History and the Drumbeat of War

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The Boston Globe

History and the Drumbeat of War

If you Google "war Iran," you will come up with more than 90 million results. The blogosphere is full of alarms about US intentions toward Iran. Newsweek said last week that Vice President Cheney has been looking to provoke an Israeli assault against Iranian nuclear facilities that would draw Iranian reactions, sparking a "justifiable" American attack. At the United Nations, meanwhile, President Nicolas Sarkozy of France seemed to second his foreign minister's recent warning that an unchecked Iranian nuclear program will lead to war.

But this "constant drumbeat of conflict" concerning Iran, said Admiral William Fallon, head of the US Central Command, is "not helpful and not useful." Fallon wants to head off such talk. "There will be no war," he told Al-Jazeera, a denial that keeps the specter looming.

It is hard to imagine that President Bush would actually order an attack against Iran, despite the drumbeat, since the assault would instantly turn 160,000 US troops in Iraq into Shi'ite hostages. But it also seems clear that Bush, even content to leave Iraq a shambles, does not want to depart Washington with Tehran's nuclear provocations unresolved.

The surprisingly hawkish Sarkozy, warning of Iran, told the United Nations last week that "weakness and renunciation do not lead to peace. They lead to war." That was a dangerous conflation of two distinct ideas, since renunciation can be more a signal of strength than weakness.

Indeed, the lesson of the last half of the 20th century is that nations define their greatness as much by what they refrain from doing as by what they do. The United States long ago confronted the dilemma posed by a nuclear-determined Iran - in the far deadlier contest with the Soviet Union. The lesson of that experience seems forgotten, yet renunciation was at its core.

In 1945, General Leslie Groves, head of the Manhattan Project, bluntly declared, "If we were truly realistic instead of idealistic, as we appear to be, we would not permit any foreign power with which we are not firmly allied, and in which we do not have substantial confidence, to make or possess atomic weapons. If such a country started to make atomic weapons, we would destroy its capacity to make them before it has progressed far enough to threaten us."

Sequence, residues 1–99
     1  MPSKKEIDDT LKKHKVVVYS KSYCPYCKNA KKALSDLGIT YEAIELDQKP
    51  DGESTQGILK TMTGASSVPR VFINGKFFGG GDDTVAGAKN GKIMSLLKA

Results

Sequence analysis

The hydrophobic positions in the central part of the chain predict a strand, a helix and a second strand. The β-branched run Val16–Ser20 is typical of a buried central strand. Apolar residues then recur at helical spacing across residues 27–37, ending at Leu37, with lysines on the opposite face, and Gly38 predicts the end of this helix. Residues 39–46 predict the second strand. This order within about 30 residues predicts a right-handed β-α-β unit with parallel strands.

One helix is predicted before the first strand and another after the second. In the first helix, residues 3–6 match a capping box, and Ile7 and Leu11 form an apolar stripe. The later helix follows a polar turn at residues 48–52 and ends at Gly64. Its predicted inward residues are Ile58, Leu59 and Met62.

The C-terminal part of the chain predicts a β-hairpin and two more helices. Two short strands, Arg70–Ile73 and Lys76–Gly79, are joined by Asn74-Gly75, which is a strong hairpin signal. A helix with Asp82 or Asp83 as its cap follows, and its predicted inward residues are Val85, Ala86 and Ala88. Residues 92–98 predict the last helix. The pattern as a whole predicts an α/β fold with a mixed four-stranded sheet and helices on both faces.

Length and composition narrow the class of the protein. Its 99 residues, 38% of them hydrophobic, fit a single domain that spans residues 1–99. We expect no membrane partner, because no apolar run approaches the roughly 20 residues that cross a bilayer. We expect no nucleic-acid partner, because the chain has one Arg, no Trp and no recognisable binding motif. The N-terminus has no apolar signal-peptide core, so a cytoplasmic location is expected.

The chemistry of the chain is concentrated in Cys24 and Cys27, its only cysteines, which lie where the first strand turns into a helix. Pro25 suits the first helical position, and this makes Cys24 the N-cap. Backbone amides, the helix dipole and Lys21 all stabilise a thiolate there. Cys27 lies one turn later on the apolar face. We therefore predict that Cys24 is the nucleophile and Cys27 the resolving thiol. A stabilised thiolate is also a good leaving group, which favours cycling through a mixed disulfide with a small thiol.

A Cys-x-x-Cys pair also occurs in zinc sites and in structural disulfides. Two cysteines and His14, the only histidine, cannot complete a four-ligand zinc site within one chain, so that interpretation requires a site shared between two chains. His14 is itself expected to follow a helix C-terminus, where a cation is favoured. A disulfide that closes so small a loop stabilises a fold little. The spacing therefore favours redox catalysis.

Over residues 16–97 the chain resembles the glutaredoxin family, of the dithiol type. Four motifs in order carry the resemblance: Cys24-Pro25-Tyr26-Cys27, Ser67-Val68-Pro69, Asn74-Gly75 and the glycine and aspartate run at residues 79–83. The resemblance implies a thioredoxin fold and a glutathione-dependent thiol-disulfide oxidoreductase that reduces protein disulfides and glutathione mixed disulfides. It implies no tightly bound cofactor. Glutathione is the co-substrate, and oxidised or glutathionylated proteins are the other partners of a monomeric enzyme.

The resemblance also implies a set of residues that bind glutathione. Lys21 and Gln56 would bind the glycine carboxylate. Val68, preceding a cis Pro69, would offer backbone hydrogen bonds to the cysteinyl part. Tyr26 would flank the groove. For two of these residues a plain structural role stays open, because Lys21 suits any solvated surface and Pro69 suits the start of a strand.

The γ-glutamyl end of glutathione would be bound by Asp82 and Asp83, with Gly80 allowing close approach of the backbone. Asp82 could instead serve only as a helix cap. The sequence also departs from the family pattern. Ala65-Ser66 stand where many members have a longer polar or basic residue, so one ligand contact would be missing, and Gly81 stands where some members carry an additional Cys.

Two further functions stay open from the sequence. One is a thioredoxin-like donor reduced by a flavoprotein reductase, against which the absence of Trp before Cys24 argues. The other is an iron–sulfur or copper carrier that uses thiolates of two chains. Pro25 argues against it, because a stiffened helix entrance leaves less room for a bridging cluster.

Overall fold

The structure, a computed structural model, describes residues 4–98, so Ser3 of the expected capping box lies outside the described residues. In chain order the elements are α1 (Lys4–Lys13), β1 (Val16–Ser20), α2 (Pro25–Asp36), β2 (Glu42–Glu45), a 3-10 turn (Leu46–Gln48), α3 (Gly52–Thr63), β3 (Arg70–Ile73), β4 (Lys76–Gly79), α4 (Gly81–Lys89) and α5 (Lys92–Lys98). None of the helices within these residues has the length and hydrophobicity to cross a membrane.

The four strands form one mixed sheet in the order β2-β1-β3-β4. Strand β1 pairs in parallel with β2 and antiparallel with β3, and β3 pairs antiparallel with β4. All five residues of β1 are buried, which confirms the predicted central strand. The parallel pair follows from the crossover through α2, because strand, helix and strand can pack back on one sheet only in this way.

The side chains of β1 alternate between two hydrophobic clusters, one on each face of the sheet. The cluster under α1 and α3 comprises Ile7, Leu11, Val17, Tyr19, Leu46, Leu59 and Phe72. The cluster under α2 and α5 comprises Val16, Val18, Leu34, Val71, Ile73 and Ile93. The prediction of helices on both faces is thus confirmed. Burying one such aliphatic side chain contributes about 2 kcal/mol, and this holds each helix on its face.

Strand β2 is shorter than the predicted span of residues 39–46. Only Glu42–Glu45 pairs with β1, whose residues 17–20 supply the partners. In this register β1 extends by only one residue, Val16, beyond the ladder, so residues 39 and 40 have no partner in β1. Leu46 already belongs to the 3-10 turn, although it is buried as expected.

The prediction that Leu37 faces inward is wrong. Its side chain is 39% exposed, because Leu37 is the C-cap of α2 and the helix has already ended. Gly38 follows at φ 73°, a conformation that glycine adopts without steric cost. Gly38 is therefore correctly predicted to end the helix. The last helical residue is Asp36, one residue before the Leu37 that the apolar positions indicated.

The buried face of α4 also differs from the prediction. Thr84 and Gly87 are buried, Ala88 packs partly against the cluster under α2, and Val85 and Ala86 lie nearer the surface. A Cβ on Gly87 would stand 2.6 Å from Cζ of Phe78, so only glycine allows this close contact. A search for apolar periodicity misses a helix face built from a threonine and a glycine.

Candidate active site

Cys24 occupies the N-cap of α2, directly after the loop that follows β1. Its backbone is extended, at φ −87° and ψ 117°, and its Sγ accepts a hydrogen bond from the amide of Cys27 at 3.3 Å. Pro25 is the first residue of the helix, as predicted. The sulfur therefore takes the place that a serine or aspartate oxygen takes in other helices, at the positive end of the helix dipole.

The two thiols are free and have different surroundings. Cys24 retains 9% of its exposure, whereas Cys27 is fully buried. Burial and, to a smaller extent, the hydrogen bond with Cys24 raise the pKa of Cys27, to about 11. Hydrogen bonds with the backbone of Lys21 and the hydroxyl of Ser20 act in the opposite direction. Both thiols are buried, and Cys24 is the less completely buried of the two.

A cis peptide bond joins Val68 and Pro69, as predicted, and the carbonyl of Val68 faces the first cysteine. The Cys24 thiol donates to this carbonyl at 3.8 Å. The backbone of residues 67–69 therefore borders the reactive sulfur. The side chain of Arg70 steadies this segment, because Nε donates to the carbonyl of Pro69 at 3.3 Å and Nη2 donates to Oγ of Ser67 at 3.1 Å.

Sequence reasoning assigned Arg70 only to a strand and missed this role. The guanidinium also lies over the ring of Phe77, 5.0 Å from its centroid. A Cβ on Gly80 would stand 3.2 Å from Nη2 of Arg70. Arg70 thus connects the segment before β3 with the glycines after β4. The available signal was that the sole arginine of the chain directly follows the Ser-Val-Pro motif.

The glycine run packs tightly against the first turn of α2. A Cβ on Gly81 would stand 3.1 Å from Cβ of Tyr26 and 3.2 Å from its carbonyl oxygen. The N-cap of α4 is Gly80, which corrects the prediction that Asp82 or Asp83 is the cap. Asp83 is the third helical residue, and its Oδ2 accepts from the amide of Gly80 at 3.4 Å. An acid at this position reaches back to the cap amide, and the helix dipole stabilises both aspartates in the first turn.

Even when, in subsequent years, more dovish figures like Bertrand Russell and J. Robert Oppenheimer supported the idea of a preemptive strike against nascent Soviet nuclear facilities, President Harry Truman renounced the idea.

When Dwight D. Eisenhower succeeded Truman, that renunciation defined his "massive retaliation" doctrine, an official commitment to refrain from first strikes on Soviet nuclear targets. In 1954, Ike approved a National Security Policy paper that made it formal; "The United States and its allies must reject the concept of preventive war or acts intended to provoke war."

By the time John F. Kennedy became president, all-out nuclear war seemed imminent. But when, in summer 1961, the new technology of satellite surveillance showed that the Soviet nuclear force was far smaller and more vulnerable than ever imagined, the Pentagon brass saw a God-given opportunity to head off Armageddon simply by blowing up Moscow's nuclear weapons on the ground. Defying the generals, and their civilian acolytes, Kennedy said no.

Because of Truman, Eisenhower, and Kennedy, such renunciation became a pillar of American political morality, but history unfolded to show that, despite Groves's contrast between realism and idealism, this consistent refusal to launch antinuclear attacks was profoundly practical, too.

A further succession of US presidents went on to demonstrate the wisdom of this off-limits threshold. The nonviolent resolution of the American-Soviet nuclear high noon offers transcendent instruction, the past's most important message to the present. The trigger-happy gunslingers turned out to be wrong - "crackpot realists," as C. Wright Mills dubbed them. "In the name of realism," he wrote in 1956, "they have constructed a paranoid reality all their own." Is it happening again?

Pentagon "global dominance" doctrine now prohibits the emergence of any military rival to the United States, which means preemptive attack must replace stabilizing deterrence as the ready exercise of American power. Fortunately, though, the Bush administration's generic embrace of "preventive war" is discredited by Iraq, which is the main reason to hope no preemptive attack on Iran is coming. But that hope must be reinforced by a sense of history. America has already answered this question, and the answer remains no.

James Carroll

James Carroll is a Boston Globe columnist and Distinguished Scholar-in-Residence at Suffolk University. He is the author, among other works, of House of War: The Pentagon and the Disastrous Rise of American Power and, most recently, Christ Actually: The Son of God for the Secular Age.

 

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